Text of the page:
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Where’s the Best Place to Invest in Real Estate?

Where are the best locations to invest in real estate?

If you have enough experience investing in real estate, you can make money almost anywhere. But there are always places that are better or worse for real estate investing.

For maximum profits, you want places that have a better demand/supply ratio. You can use the questions below to find them…

Real Estate Demand

1. Does the area have decent job growth? Ask local authorities and use U.S. Census information. Ideally, you want to see job growth equal to or exceeding population growth.

You also want areas with professional jobs moving in. It’s estimated that for every professional job created, there are four service jobs created, and all those employees need a place to live.

2. Is the population growing? You can check the U.S. Census figures online or ask the local government if they have the statistics. Stay away from areas that have little growth.

movie theater

Are there fun things to do?

3. Is there a decent quality of life? It’s subjective, but important. Are there theaters and bookstores? Count coffee shops and cafes.

Trendy areas usually have increasing demand for housing. It’s also a good indication of a high quality-of-life if people are willing to take lower-paying jobs in order to live there.

4. Is there wealth in the area? It’s a good sign when there is some degree of wealth in a town. Look for nice homes. Wealth means everything doesn’t die when the economy slows.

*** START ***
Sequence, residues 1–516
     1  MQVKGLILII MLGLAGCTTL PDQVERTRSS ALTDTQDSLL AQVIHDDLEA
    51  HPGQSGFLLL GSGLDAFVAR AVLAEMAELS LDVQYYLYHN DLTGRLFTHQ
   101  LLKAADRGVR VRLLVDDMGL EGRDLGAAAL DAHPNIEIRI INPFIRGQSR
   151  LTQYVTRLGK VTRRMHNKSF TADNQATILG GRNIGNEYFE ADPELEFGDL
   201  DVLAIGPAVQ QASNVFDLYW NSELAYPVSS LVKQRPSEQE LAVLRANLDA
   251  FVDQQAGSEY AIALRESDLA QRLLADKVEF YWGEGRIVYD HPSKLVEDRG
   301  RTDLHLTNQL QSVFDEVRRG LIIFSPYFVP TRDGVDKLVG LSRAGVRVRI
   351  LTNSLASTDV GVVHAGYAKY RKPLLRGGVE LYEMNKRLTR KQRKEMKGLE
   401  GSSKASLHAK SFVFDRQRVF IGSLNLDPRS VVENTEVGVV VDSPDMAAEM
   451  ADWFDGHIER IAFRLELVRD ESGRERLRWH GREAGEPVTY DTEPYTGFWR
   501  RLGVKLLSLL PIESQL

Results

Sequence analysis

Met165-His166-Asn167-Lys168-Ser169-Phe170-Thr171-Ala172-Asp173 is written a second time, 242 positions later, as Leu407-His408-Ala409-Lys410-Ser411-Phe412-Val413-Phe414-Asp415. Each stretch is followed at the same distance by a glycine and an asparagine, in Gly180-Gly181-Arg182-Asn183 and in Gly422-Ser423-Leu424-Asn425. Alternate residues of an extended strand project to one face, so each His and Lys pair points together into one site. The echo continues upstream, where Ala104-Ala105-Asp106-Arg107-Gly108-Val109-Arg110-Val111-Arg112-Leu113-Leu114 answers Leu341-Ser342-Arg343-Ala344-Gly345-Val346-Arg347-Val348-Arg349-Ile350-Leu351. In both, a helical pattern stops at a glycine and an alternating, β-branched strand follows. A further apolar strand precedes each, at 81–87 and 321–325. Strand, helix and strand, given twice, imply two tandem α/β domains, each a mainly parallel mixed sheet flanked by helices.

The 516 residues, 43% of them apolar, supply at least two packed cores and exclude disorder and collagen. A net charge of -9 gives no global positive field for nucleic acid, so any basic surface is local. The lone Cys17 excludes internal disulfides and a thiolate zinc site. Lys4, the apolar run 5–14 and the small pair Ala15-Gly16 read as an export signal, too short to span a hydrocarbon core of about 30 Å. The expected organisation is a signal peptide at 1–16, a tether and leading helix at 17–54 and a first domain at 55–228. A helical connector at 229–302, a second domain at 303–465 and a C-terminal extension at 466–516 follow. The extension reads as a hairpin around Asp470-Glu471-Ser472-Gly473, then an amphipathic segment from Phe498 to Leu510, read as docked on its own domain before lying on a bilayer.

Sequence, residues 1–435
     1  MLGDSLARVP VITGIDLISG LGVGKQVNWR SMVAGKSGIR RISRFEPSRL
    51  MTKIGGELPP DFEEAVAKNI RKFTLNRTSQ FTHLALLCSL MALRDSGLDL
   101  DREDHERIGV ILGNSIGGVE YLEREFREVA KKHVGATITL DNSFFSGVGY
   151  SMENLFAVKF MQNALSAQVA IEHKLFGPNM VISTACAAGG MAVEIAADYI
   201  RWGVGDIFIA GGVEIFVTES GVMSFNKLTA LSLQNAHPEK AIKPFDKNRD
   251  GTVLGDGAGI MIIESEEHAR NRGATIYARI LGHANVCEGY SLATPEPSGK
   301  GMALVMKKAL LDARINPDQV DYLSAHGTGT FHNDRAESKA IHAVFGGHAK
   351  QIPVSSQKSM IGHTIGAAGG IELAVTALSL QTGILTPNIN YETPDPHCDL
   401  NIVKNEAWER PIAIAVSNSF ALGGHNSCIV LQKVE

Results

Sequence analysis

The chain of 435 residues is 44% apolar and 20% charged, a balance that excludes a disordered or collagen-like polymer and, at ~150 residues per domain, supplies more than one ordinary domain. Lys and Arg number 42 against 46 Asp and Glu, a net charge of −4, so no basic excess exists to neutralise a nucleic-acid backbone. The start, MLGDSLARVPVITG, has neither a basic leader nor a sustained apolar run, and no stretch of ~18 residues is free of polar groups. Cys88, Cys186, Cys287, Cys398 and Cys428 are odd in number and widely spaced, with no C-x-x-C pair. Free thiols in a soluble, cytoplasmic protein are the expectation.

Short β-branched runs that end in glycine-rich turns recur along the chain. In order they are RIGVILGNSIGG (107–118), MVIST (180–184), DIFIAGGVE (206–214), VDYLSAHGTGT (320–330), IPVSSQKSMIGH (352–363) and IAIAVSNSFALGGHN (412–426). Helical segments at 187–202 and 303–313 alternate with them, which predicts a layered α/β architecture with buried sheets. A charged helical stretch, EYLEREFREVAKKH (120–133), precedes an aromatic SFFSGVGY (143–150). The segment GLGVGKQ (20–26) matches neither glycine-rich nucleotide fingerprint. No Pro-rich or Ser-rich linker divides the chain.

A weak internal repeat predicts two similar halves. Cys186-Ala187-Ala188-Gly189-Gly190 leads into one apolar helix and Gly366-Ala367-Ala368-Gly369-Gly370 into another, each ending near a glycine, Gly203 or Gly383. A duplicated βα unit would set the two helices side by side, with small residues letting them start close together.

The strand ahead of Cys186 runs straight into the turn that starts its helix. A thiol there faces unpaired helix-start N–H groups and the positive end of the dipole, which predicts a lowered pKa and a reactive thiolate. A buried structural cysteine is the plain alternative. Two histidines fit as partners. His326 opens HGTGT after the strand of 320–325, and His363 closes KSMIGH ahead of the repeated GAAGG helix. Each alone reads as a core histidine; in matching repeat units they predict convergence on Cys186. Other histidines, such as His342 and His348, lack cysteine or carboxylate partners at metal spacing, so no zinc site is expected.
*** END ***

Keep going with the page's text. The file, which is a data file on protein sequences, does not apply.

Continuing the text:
Real Estate Supply

happy construction worker

How does the number of new housing permits compare to expected population growth?

1. Number of homes for sale? Lower supply of homes for sale means upward pressure on prices. This indirectly drives up rents as well, which makes for better investing.

2. New construction? Census figures can tell you what’s happened over the last ten years. Check with the local authorities to see if the the number of housing units they’ve issued permits for is more or less than the expected population growth.

3. Rent and vacancy levels? Rents have to be high enough, and vacancies low enough to justify investing.

When we first came to Denver, every building had vacancies We saw a man holding a sign that read, “Apartment – $250 Per Month.” A great place for renters, but not so great for landlords.

4. The available land that is buildable? Of course, less available land is better for future appreciation. When the land runs out, the prices start accelerating upwards.

Use these questions when you compare various towns and cities, and you’ll see the differences more clearly.

You’ll have an idea about how housing demand compares to supply in each area. This will help you pinpoint the best places to invest in real estate.

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About the Author...

William Bronchick, J.D. is a nationally-known attorney, author, and speaker. He has been practicing law and investing in real estate since 1990 and has been involved in over 2,000 real estate transactions.

Bill has served as President of the Colorado Association of Real Estate Investors since 1996. He is the author of many excellent real estate investing courses.

You can visit Bill Bronchick at his web site: LegalWiz.com

Comments

  1. Ilka Avramov says:

    Climate also plays a role. What advice do you give
    to commercial investors?

    • Charles Bolton says:

      Hi IIka, if I may I think the best advice for CRE investors is to look for a strategic location where there is foot traffic, accessibility, and near or inside Central Business Districts. Office spaces such as serviced offices are in demand right now and continuously changing the way we know the typical office space is. This is a type of investment that I think would really generate a lot of money.

What do you think? We would love to hear your opinion.

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